When it comes to their ideal temperature range, I'd say you are looking at around the high single figures, from around 7°C, up to about 15°C. They aren't quite thick enough for really cold winter temperatures and there is no windproofing as such, so icy northerly winds will make their way through.

> Spring cycling clothing guide: how to choose and use the best gear to ride through the most unpredictable season

One thing is for sure, though, they pack down very small, so they'll fit in a jersey pocket without taking up much room. 

At just £10 these are some of the cheapest arm warmers we've ever tested, and they certainly don't feel like ETC has scrimped anywhere when it comes to the fabric or build quality.

Neat little touches like reflective logos on the wrist are a bonus, although Emma did notice that hers started to peel off on the ETC leg warmers she was testing.

> Buyer’s Guide: 14 of the best arm and leg warmers

Galibier consistently delivers on the price per performance balance, as seen here on the Ardennes II arm warmers. Two different fabrics are used to give increased protection from the elements, and they are shaped specifically for each arm. They are a bargain at £19.58, but that also highlights how cheap the ETCs are.

The UK-made Lusso Active Aero arm warmers offer a similar performance to the ETCs, being more for cooler temperatures than cold ones. They'll set you back £24.99, though.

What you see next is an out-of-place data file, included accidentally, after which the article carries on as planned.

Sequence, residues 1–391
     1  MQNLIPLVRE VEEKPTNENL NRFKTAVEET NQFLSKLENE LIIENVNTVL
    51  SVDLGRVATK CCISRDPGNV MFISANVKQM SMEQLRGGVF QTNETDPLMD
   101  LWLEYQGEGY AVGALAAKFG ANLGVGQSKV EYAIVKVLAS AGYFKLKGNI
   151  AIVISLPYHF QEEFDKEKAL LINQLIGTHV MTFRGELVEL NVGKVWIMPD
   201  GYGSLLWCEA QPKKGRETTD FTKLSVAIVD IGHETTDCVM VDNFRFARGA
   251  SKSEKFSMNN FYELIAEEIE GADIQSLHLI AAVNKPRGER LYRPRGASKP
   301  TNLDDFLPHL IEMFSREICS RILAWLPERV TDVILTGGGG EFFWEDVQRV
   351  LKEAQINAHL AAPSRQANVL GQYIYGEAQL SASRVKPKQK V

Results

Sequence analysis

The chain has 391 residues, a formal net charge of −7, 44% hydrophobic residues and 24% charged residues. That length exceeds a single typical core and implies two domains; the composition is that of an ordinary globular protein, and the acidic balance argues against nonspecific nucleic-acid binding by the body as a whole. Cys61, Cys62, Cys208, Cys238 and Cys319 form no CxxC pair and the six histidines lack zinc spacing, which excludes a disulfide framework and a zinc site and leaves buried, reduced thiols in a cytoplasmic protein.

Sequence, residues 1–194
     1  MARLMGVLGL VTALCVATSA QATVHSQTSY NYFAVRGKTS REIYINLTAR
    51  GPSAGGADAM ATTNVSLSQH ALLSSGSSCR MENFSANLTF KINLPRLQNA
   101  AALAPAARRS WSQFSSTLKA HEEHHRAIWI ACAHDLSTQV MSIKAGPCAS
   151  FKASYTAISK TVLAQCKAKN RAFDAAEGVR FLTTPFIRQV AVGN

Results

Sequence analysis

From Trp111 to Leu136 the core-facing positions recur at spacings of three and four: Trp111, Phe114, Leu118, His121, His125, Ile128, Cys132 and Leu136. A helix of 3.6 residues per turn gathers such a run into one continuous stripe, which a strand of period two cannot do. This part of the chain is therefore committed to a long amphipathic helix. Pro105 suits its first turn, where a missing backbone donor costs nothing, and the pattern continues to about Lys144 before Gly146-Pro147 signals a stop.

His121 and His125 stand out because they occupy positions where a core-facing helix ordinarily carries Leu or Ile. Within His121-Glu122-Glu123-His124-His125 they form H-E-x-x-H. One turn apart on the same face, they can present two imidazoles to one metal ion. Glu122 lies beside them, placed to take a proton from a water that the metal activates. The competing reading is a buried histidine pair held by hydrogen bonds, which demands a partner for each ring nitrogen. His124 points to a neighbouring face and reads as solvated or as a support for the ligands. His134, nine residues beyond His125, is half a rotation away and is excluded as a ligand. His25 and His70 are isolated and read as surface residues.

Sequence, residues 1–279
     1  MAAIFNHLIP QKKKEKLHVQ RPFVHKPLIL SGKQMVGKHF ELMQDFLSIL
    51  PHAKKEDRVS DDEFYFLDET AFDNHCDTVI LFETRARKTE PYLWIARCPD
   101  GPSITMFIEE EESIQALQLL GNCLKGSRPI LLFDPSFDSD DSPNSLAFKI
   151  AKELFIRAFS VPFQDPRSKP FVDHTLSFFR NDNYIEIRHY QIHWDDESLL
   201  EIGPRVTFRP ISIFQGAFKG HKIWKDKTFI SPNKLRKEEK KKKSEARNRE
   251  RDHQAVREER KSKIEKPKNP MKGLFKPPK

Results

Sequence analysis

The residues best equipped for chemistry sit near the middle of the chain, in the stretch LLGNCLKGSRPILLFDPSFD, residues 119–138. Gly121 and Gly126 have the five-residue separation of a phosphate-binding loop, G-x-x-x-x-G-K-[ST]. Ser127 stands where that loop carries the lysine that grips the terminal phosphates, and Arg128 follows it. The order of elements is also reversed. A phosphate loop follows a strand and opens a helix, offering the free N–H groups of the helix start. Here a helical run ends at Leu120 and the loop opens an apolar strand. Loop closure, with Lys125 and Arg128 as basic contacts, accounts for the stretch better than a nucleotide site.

Overall, for a little bit of extra warmth when riding early or late on a spring/autumn day, the ETC Snug arm warmers can't really be faulted. Cheap and cheerful while retaining decent quality and design.


Good cool weather performance and a great fit – not just for those on a budget

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Make and model: ETC Snug Arm Warmers

Size tested: Small/Medium

Tell us what the product is for

These are lightweight arm warmers that will give decent protection from the weather, from early spring through to late autumn.

Tell us some more about the technical aspects of the product?

Moore Large lists:

Waterproof No

Gender Unisex, Adult

Colour Black

Fabric 94/6 Polyester/Elastane

Rate the product for quality of construction:
Rate the product for performance:
Rate the product for durability:
Rate the product for fit:
Rate the product for sizing:

Sizing seems realistic to the UK demographic.

Rate the product for weight: